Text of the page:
The Houston Post. (Houston, Tex.), Vol. 33, No. 148, Ed. 1 Thursday, August 30, 1917 Page: 2 of 14
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HOUSTON DAILY POST:;TWPDAY MOrWINGAUGOSt 30 :JI9l7;?t J'?1'
u fntsportttioD Will Cease in
Korember Unless Improved.
Demands of Workers Piay Impor-
? ;ttnt Part Gen. Alexieff Said
- V " Amy Is Split in
rf - TWO.
TrX I Associated Press Rit-i
''J MOSCOW. August :9.-.M nw thud
'.rfsssce railway rcprosontatix s. ir.oludins
.JML Froloff of the engineers alliance rr-
V ; ported that there existed a state ot utior
j." dlaorganliaUon of transiwtation hr.
unless Improved would oomrlete y
by November. The reprve:;U!:ve. aa e
' m VaminK that the conseou n os would be
1 terrible both at home and on the front
mud that the army might turn on the
.'. " country unexampled excesses.
"J The extreme demands of the railway
"v workers the speakers said i'I.ie1 an ni-
' ' poftant part (n the tliaursamiatum. They
ca(rled on those engased ir the irnnspo t
services to sacrifice personal interests wr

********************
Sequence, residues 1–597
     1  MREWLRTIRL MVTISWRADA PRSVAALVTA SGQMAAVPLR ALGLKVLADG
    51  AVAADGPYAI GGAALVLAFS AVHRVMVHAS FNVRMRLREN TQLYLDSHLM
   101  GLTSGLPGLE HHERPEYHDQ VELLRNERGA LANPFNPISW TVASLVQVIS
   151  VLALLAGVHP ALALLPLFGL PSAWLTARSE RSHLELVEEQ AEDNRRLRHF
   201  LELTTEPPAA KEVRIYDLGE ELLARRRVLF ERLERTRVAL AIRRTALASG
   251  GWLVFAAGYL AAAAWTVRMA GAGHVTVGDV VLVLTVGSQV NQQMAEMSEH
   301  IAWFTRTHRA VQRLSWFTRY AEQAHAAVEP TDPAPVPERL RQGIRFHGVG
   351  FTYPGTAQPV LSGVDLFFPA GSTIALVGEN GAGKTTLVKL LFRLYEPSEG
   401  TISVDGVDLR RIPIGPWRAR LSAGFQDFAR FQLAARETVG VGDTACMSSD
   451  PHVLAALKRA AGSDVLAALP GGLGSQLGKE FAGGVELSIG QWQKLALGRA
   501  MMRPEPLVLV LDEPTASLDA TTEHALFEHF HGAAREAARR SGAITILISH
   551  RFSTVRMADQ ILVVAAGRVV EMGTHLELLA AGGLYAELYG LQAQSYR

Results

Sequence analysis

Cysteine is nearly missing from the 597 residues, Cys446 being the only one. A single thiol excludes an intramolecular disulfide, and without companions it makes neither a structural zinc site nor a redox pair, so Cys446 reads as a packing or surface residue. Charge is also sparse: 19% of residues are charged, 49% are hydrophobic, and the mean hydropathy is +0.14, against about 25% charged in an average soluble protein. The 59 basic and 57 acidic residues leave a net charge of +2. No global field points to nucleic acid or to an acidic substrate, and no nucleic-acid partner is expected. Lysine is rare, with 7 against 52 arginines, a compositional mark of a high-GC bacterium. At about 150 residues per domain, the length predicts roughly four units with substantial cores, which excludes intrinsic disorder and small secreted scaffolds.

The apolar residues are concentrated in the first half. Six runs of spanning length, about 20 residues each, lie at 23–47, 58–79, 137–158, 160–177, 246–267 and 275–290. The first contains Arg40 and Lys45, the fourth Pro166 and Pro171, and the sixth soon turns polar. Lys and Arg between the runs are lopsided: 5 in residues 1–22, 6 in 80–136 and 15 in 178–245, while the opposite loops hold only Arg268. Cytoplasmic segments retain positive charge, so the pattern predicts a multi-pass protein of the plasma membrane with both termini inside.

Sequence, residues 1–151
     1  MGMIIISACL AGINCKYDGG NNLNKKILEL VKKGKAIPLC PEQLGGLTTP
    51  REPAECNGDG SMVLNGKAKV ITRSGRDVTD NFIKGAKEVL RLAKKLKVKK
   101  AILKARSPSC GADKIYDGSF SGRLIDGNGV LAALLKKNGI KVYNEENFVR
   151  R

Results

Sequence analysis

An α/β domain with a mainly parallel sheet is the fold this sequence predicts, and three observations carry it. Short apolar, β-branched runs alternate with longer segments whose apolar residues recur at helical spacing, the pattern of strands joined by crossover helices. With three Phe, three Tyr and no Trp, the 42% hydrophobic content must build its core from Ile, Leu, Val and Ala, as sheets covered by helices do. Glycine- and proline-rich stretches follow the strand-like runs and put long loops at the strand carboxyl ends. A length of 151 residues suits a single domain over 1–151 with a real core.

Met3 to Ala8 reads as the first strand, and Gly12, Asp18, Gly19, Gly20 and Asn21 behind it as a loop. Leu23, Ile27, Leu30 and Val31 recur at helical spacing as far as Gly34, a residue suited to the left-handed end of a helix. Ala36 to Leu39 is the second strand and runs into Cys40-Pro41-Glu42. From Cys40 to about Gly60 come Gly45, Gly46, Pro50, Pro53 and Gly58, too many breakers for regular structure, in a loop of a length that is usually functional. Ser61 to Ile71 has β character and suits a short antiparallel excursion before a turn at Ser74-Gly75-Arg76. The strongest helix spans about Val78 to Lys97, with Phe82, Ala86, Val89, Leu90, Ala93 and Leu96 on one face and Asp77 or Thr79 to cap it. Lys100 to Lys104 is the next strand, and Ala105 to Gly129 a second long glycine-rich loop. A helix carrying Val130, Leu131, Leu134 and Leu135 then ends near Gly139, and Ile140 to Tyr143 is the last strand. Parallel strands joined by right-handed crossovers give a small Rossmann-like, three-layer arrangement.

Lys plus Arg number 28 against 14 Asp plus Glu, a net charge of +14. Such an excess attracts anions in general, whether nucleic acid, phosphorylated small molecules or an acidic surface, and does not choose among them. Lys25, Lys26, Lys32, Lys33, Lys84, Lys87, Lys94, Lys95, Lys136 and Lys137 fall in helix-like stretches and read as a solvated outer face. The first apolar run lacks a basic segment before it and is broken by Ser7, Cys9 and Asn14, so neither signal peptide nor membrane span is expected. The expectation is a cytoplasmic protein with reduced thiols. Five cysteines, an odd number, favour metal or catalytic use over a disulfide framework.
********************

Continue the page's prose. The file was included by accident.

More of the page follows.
those of the country.
?. Mniwwntut vnt nf ITkraine (if nite
r" sia court and delegates representing the
" Musselman alliance d'Iart-d thtir wi.i-
insness to mK? saerin es i. r me k hhi m
j xne country ana aeiense pj;;bi ":
v General Alexieff. former commander in
V chief drew contrasts between the army
of the old regime poorly ?.;MI'i"'J. tn't
' strong in warlike spirit and the present
army well supplied wr.h :kk1 lii-M htmis
r but completely poisoned and enfeebled ry
lil-lnterpreted and ill-applied doctrines
which have been put forward notal'ly in
the famous order of the day No 1 These
doctrines he declared had split the arn.y
In two opposite camps officers ari l s-l-
" diers which become almost irreconc.l-
Speaking of the committee elected iy
the soldiers of the various units l-n-eral
Alexieff said they were i. 'u to
the arms- from an economic standpoint